3 TABLE II Inhibition of P. yoelii cysteine protease activity by artemisinin Activity was measured by degradation of specific peptide for plasmodial cysteine protease. Concentration of inhibitors was as follows: artemisinin 50 M, E M, pepstatin A 100 M, heme 1 M. Assay was performed as described under Experimental Procedures. Inhibitors were incubated with enzyme for 1 h before addition of substrate. Artemisinin and Heme Detoxification by Plasmodium Substrate no. Sample Fluorescence intensity (arbitrary units)/ min 1 Control Artemisinin (preincubated with 19 3 enzyme) 3 Artemisinin (added before start) Artemisinin heme 11 5 (preincubation with enzyme) (heme mm) 5 Heme (preincubated with enzyme) 32 6 (heme mm) 6 E Pepstatin A 34 5 that the specific protease targets of both E-64 and artemisinin might be same. On the other hand, combination of either pepstatin A and E-64 or pepstatin A and artemisinin resulted in almost complete inhibition of the vacuolar proteolytic activity. This was expected as both aspartic and cysteine proteases would be blocked by these inhibitors. These results suggested that artemisinin may be involved in specific inhibition of malarial cysteine protease activity. We next investigated whether the observed inhibition could be due to the specific interaction of artemisinin with the parasite cysteine protease. For this a fluorogenic peptide substrate of malarial cysteine protease, Z-Phe-Arg-AMC, was used to study the mechanism of protease inhibition by artemisinin. In a continuous fluorometric assay when artemisinin was incubated with the parasite lysate for 1 h prior to the assay, significant decrease in the proteolytic cleavage of peptide substrate was observed indicating that the drug could be making some modifications in the enzyme (Table II). The inhibition was significantly higher when heme was included in the reaction mixture along with artemisinin. No change in the protease activity was observed when artemisinin was added just before the start. To confirm whether artemisinin could inhibit the hemoglobin degradation inside the malarial parasite, artemisinin was incubated in vitro with P. yoelii-infected erythrocytes for 0 6 h, and the hemoglobin levels in the cell-free parasite preparations were monitored by SDS-polyacrylamide gel electrophoresis. We observed that artemisinin-treated parasites showed a higher level of hemoglobin compared with the untreated parasites (Fig. 1). These results suggest that degradation of hemoglobin in the digestive vacuole of the malarial parasite may have been inhibited by artemisinin treatment. Effect of Endoperoxides on Heme Polymerization in Vitro When free heme is incubated with the particulate fraction of the cell-free P. yoelii under conditions similar to that of the parasite food vacuole, a fraction of heme is polymerized, which can be identified as a product insoluble in SDS (2.5% w/v) and alkaline bicarbonate solution (41). However, no such product was formed when heme alone (without any parasite extract) was processed in a similar manner (29). We found that the formation of hemozoin by P. yoelii extract is dependent on incubation time, amount of protein, and concentration of free heme (41). A similar pattern has been observed by earlier workers (26, 27) for heme polymerization by P. falciparum and P. berghei. Recently, a histidine-rich protein (PfHRP II) from P. falciparum has been shown to catalyze polymerization of heme FIG. 1. SDS-polyacrylamide gel electrophoresis analysis of proteins in P. yoelii parasites after artemisinin exposure. A, molecular weight markers (lane 1), control parasites (lane 2), parasites exposed to artemisinin (lane 3), and hemoglobin (lane 4). B, parasites after 0 h exposure (lane 1),1(lane 2),2(lane 3),4(lane 4),and6hof exposure (lane 5). Numbers on the left indicate positions of the molecular weight markers (M r 10 3 ). Other conditions of the experiments were as described under Experimental Procedures. (40). We also used recombinant PfHRP II as a source of heme polymerization activity in one of the experiments to study the effect of artemisinin on hemozoin formation in vitro. Artemisinin as well as -/ -arteether caused marked inhibition of heme polymerization mediated by the parasite lysate (Fig. 2A) as well as PfHRP II (Fig. 2B). Inhibition of hemozoin formation by -/ -arteether (IC 50 value 7.3 M) was slightly higher than that by artemisinin (IC 50 value 11.5 M) (Fig. 2A). The effect of increasing substrate (Fig. 3A) and inhibitor (Fig. 3B) concentration on inhibition of heme polymerization was also studied. Normally polymerization of heme in the presence of parasite extract or PfHRP II is a saturable reaction following a hyperbolic pattern (41). However, the inhibition of heme polymerization by artemisinin was not affected by the presence of high concentrations of heme to any significant extent; following an initial fall in the percent inhibition between 5 and 10 M, the inhibition potency of drug remained almost constant up to 200 M heme (Fig. 3A). The pattern of inhibition was qualitatively similar at 1 and 10 M concentrations of artemisinin with the expected quantitative increase for higher drug concentration. A K i value of 12.0 M was obtained for inhibition of P. yoelii-mediated heme polymerization by artemisinin, from the Dixon plot (Fig. 3B). Interaction of Endoperoxides with Malarial Hemozoin in Vitro Studies on the interaction of purified hemozoin with artemisinin and -/ -arteether revealed a novel reaction. The incubation of purified hemozoin with artemisinin or -/ -arteether under acidic conditions (acetate buffer, 100 mm, ph 5.0) resulted in the loss of hemozoin contents as compared with control, indicating that hemozoin may be disrupted as a result of its interaction with the endoperoxide. This hemozoin disruption increased with the increasing concentration of the drug (Fig. 4). Interaction of hemozoin with the drug may result in breakdown of the hemozoin pigment which could then form a complex with the heme units (38). DISCUSSION Earlier Meshnick et al. (5) proposed a two-step mechanism for the antimalarial action of artemisinin and other related endoperoxides. In the first step, the endoperoxide bridge in artemisinin is cleaved by free heme or iron, leading to the generation of an unstable radical of the drug. This subse-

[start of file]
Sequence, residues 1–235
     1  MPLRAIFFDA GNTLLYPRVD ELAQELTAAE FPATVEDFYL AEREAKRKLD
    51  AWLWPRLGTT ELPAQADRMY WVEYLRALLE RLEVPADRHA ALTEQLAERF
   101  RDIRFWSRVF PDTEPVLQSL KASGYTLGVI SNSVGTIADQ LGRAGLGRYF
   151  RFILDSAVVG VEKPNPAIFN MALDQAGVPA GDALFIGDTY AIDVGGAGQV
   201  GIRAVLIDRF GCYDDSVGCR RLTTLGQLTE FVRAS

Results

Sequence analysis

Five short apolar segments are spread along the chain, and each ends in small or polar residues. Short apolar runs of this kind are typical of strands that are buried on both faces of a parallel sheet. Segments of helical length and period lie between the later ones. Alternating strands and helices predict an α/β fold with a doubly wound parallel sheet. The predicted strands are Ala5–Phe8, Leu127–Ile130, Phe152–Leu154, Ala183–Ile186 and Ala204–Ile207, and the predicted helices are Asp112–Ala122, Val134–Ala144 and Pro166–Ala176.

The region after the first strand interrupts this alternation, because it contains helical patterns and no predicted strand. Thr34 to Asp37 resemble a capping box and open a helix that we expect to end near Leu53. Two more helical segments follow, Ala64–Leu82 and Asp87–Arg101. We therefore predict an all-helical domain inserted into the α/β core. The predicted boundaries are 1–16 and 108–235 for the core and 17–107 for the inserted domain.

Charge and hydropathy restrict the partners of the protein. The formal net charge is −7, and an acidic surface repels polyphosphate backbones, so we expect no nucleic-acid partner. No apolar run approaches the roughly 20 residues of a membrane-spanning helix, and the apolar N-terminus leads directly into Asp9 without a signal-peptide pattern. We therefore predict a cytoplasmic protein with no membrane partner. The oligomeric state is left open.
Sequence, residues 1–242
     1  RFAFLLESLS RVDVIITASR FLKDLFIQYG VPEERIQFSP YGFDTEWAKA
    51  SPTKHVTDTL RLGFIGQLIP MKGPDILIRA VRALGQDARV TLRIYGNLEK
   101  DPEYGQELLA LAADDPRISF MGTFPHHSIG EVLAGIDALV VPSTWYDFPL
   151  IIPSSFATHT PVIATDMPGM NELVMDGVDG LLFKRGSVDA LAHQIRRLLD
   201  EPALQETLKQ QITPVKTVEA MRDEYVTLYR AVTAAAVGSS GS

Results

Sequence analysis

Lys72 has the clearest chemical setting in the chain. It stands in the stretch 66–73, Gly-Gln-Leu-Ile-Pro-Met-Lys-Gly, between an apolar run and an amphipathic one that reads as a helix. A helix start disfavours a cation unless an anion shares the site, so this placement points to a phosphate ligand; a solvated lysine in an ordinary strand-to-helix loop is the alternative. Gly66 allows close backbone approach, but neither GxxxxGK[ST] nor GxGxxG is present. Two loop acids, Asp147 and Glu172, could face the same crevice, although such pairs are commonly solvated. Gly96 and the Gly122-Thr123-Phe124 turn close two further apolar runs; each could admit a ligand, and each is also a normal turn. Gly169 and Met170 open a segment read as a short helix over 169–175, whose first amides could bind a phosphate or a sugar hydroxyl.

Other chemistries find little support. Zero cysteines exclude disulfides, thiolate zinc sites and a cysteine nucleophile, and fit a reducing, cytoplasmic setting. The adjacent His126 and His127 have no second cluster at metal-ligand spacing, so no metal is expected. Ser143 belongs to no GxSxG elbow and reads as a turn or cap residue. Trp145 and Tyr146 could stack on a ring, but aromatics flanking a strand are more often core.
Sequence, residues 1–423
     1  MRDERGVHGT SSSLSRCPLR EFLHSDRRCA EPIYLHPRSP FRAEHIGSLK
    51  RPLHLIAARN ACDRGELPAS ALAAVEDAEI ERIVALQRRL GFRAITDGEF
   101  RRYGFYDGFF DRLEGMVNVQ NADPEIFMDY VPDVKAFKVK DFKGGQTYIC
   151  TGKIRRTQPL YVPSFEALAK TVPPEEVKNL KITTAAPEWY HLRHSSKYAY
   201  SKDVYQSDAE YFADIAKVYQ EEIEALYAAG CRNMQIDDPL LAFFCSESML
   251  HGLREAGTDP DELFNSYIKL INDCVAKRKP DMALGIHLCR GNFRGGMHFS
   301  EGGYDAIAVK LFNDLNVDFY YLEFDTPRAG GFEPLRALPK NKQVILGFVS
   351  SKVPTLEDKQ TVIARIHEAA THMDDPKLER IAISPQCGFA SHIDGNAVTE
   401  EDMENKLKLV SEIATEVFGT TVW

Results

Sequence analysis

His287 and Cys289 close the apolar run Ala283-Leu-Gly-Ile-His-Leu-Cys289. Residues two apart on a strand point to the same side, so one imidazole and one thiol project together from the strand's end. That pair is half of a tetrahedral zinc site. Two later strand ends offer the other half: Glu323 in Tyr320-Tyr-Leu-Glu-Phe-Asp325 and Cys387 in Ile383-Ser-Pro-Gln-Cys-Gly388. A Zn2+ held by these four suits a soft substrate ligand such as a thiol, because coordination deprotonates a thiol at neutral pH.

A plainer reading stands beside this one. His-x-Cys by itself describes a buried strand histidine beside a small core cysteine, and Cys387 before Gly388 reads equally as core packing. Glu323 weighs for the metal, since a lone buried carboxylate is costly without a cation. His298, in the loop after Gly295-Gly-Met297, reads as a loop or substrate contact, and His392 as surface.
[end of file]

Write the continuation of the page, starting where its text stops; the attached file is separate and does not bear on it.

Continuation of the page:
4 19386 Artemisinin and Heme Detoxification by Plasmodium FIG. 2.Dose-dependent inhibition of heme polymerization by endoperoxide antimalarial drugs. Effect of artemisinin (E) and -/ -arteether ( ) on polymerization of heme in vitro by P. yoelii extracts (A) and inhibition by artemisinin of PfHRP II-mediated heme polymerization (B). Each point represents mean S.D. of triplicate observations. FIG. 3.Inhibition of heme polymerase activity of P. yoelii extracts by artemisinin at varying substrate concentrations (A) and varying concentration of the drug (B). A, Lineweaver-Burk plot of the reaction containing 0 (E), 1.0 M ( ), and 10.0 M ( ) inhibitor (artemisinin) and variable concentrations of the substrate (heme). B, Dixon plot of inhibition containing 50 M ( ) or100 M (E) of substrate (heme) and variable concentrations of inhibitor (artemisinin). The values are mean S.D. of triplicate observations. quently causes selective alkylation of malarial proteins, leading to death of the parasite. However, the transient source of free heme or iron proposed in this mechanism has not been clearly described. The heme released as a result of hemoglobin degradation is simultaneously polymerized to form hemozoin, and the malarial parasite still depends on the extracellular source of iron to fulfill its nutritional requirements. The results presented in this communication clearly demonstrate that the endoperoxide antimalarials interrupt the hemoglobin catabolism system of the malarial parasite by causing inhibition of hemoglobin degradation as well as polymerization of heme to hemozoin. Our results also show that inhibition of heme polymerization by endoperoxide antimalarials is more potent than the quinoline antimalarials as reported earlier (45). Also, unlike artemisinin, quinoline antimalarials are poor inhibitors of malarial digestive vacuole proteases responsible for hemoglobin degradation. Like quinoline antimalarials, [ 14 C]artemisinin and [ 3 H]dihydroartemisinin have been shown to be selectively concentrated by the Plasmodium-infected erythrocytes, and the drugs are predominantly associated with the malaria pigment (38). Endoperoxide antimalarials are fast acting drugs, which exert their antimalarial effect within an hour of administration (7). These drugs have a highly selective effect on different stages of the malarial parasite and mainly affect the mature stages of the parasite (late trophozoites), which are heavily laden with hemozoin pigment. Artemisinin is ineffective against those parasite strains that do not produce the malaria pigment (9). Disruption of heme polymerization or inhibition of vacuolar proteases, although important targets for the anti-parasitic activity of the drug, may not be sufficient to explain the selective and fast antimalarial action of artemisinin. The endoperoxides additionally initiate the breakdown of the malaria pigment already present in the parasite food vacuole. This reaction could easily lead to a rapid increase in the indigenous heme level, which may not be detoxified by the usual heme polymerization pathway since this activity is already blocked by artemisinin. Our results point toward a threestep effect of endoperoxide drugs on malarial parasite. Inhibition of hemoglobin degradation as well as heme polymerization would start accumulation of heme, which could be further assisted by direct interaction of the drug with malaria pigment already present inside the digestive vacuole. This may be a major reason for the fast action of these drugs compared with quinoline antimalarials. Since artemisinin has been shown to form complexes with heme (38), it is conceivable that its interaction with hemozoin may initiate a process of molecular rearrangement leading to the breakdown of iron carboxylate bond of hemozoin, which links different heme units, thus releasing heme from the hemozoin. Specific interaction of endoperoxide drugs on three distinct steps in hemoglobin digestion and related heme detoxification pathways of malarial parasite would suggestively lead to a fast build up of a pool of free heme and thus would explain the generation of a transient source of heme which is necessary for the antimalarial action of artemisinin and related endoperoxide antimalarials.